Andrikopoulou, Protopapas & Arvaniti (2021): Lexical stress representation in spoken word recognition
Angeliki Andrikopoulou, Athanassios Protopapas og Amalia Arvaniti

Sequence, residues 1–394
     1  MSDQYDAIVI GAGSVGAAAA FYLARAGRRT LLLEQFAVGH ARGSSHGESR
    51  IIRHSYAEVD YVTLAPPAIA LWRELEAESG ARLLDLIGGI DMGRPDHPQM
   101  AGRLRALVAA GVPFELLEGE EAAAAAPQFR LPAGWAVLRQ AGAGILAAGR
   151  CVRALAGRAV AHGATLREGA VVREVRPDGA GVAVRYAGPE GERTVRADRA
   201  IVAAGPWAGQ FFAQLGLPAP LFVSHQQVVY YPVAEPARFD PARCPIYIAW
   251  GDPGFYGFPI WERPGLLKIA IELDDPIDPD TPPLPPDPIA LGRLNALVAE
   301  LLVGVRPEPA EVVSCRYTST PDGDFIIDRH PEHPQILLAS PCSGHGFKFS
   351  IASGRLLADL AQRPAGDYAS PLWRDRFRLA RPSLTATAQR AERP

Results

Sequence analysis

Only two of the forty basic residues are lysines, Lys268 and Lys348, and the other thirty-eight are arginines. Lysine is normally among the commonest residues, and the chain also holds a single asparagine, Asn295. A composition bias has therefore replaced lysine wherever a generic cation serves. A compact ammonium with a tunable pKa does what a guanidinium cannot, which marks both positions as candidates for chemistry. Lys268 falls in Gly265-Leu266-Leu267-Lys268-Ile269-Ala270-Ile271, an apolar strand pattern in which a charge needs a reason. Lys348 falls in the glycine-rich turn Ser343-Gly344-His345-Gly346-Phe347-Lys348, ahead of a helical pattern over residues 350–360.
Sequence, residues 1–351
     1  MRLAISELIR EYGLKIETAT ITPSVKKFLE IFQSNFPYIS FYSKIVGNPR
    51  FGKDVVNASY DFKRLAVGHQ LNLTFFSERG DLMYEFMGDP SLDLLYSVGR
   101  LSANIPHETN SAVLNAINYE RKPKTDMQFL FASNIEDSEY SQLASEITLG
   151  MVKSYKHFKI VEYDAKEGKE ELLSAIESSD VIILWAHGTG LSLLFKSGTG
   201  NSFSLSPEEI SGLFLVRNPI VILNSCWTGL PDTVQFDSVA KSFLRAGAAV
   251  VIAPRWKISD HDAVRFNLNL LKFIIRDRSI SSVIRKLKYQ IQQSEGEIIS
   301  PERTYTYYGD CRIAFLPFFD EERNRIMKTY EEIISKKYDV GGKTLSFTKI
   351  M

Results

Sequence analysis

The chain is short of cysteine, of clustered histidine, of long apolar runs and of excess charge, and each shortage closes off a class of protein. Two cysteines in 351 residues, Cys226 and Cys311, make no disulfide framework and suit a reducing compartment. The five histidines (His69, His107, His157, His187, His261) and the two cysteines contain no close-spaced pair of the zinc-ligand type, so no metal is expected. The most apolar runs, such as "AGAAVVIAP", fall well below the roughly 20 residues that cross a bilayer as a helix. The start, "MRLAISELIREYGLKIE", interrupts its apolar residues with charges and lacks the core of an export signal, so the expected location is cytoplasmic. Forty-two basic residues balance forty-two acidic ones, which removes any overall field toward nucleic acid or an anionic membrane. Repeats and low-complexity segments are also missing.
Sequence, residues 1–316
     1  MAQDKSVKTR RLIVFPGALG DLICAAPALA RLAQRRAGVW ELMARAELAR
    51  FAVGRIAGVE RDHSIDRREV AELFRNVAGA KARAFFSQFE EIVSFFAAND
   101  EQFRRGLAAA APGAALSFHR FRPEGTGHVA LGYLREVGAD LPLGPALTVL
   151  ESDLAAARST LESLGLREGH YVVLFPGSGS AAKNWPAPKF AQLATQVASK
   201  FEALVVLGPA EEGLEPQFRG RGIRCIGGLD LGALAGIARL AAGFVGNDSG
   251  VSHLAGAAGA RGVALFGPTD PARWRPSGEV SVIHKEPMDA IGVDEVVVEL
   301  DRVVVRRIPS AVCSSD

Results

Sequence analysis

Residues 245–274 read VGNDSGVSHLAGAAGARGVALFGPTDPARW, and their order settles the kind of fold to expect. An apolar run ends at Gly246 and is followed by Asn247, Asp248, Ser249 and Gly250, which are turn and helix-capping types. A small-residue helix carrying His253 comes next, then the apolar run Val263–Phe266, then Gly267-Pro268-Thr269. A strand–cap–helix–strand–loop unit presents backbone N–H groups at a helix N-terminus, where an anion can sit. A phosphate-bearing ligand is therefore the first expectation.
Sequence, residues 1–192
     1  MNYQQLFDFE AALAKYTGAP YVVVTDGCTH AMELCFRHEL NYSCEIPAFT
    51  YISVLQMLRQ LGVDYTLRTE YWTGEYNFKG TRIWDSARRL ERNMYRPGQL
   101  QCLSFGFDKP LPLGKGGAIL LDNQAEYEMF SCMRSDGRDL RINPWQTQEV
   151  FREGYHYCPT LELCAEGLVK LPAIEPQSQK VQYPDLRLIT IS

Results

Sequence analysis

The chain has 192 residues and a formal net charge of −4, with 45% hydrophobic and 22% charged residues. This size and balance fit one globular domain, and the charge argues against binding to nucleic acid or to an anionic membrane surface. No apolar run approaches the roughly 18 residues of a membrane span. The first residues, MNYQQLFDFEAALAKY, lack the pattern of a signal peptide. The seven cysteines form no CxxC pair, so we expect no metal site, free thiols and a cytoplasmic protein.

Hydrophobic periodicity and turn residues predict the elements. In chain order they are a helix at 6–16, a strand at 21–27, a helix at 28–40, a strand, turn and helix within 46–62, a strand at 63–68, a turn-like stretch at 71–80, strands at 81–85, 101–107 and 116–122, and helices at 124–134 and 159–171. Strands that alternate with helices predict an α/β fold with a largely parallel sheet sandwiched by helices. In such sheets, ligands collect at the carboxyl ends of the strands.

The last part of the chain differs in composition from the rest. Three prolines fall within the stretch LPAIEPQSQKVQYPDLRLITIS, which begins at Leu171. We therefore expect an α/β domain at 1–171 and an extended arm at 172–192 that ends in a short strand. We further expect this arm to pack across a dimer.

According to a popular model of speech production, stress is underspecified in the lexicon, that is, it is specified only for words with stress patterns other than the default, termed the “default metrics” assumption. Alternatively, stress may be fully specified in the lexicon as part of every lexical representation. In the current study the two accounts are tested in the perceptual domain using behavioral and eye-tracking data in Greek. In a first experiment, cross-modal fragment priming was used in a lexical-decision task. According to default metrics, priming should occur for targets with antepenultimate- or final-syllable stress but not for targets with the default penultimate-syllable stress. The same word pairs were used in two subsequent visual world experiments. Default metrics predict an asymmetric pattern of results, namely that incoming spoken words with the default stress pattern should inhibit the activation of lexical representations with nondefault stress, whereas the converse should not be observed; that is, spoken words with nondefault stress should not inhibit representations of words with the default stress. None of the results provided support for the idea of default metrics, leading to alternative conceptualizations regarding the representation of stress.